RL: Your operation has grown quite a bit from when we first met. Tell me about CCO magazine and the Content Marketing Institute.

JP: The Content Marketing Institute was created to teach marketers the “How-To” of content marketing.  There were so many organizations talking about how we should all be doing it, but not many were actually giving us step-by-step instructions.  So, every day, we give you a how-to post about content marketing at contentmarketinginstitute.com.  We also send you the only international magazine dedicated to the practice of content marketing – Chief Content Officer (delivered in PRINT to over 20,000 and digitally in seven countries). CMI also provides indepth content strategy consulting and a variety of content services like small business blogging and vendor matching through Junta42.

 

RL: I think Social Media has reached a very precarious place. The combination of ‘shiny new object’ syndrome and practitioners in it for a quick buck have left many feeling that the ROI just isn’t there. How can serious people who believe in Content Marketing convince bosses or clients to stick with it?

JP: Remember the days when we had typing rooms, like you see on the show Mad Men?  There were people in the workplace that their sole responsibility was to type for other people.  Obviously those people don’t exist anymore.  We all type.  It’s a skill we all have at an early age today.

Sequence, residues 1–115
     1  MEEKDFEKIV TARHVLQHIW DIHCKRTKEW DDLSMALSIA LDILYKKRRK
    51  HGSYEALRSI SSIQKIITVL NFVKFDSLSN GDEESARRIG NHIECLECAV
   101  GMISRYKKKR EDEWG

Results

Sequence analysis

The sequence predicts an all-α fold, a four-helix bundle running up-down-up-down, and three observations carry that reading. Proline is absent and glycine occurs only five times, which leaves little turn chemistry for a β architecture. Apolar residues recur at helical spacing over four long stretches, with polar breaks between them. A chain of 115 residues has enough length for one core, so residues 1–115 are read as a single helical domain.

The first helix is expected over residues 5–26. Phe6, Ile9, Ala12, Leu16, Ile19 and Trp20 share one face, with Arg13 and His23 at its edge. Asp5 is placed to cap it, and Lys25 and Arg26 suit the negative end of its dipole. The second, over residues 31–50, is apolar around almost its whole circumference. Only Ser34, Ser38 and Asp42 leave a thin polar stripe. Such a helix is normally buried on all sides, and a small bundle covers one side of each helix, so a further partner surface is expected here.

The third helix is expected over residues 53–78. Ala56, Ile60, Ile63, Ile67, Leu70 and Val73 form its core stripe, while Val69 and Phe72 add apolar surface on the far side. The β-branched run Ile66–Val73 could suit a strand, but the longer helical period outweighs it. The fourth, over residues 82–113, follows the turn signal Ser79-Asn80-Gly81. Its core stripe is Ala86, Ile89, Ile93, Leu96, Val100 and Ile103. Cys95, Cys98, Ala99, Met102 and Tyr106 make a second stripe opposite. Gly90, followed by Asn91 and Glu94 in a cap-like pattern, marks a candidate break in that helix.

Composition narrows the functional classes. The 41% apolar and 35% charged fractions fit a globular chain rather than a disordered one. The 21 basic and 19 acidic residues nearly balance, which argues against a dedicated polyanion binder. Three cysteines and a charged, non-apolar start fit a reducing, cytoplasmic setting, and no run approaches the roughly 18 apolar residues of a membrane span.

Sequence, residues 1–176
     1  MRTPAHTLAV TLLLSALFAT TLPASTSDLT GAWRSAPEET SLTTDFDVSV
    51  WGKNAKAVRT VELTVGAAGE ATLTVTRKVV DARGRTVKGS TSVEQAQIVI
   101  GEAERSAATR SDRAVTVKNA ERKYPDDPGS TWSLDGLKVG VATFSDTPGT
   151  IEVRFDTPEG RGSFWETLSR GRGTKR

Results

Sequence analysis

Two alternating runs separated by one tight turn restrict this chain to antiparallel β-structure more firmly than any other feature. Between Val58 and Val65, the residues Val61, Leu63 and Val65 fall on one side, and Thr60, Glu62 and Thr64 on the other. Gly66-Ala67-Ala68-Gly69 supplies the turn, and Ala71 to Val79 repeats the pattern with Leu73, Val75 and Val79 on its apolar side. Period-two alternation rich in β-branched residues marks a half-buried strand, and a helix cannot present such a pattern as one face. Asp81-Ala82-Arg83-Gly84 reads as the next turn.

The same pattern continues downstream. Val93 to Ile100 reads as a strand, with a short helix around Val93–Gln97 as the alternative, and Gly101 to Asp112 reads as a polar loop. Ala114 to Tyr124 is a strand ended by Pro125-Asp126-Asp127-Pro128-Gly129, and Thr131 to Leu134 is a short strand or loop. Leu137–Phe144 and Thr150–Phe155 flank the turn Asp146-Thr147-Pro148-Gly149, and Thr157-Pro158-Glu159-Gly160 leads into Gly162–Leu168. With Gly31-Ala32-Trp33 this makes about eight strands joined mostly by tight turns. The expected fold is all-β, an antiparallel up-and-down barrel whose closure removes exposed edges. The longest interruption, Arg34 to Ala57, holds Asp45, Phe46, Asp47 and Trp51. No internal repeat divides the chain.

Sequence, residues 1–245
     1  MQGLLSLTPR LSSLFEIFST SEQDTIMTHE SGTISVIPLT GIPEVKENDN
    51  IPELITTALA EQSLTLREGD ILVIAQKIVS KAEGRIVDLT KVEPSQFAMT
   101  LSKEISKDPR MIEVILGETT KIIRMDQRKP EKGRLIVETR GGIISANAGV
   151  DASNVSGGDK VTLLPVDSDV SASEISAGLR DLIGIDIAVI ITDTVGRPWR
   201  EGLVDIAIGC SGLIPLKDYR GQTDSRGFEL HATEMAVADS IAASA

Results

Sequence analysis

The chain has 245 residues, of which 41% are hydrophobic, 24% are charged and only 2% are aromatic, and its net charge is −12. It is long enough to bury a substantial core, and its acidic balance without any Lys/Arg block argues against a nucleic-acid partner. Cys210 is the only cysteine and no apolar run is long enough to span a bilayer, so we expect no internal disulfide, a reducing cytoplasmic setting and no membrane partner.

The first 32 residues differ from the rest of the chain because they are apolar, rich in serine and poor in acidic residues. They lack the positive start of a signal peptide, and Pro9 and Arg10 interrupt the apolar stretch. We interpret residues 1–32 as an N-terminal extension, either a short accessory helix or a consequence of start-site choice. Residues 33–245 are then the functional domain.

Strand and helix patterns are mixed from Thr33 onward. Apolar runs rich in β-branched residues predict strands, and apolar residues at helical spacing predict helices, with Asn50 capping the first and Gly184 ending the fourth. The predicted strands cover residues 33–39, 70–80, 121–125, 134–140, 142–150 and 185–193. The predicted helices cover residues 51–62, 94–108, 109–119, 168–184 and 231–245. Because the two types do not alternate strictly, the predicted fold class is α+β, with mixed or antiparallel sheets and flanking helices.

Now think of that in relation to content marketing.  We all now have the ability to create content.  We have all these fancy tools.  Some do it well, most not so well.  Content creation will soon become as natural as typing is today.  We’ll all be very good at it and understand the tools.  That’s where this is going, but it’s going to take some time.  Typing rooms took decades to die out.  The same will happen here until we all use social media without thinking and we all develop content to communicate with customers on a regular basis.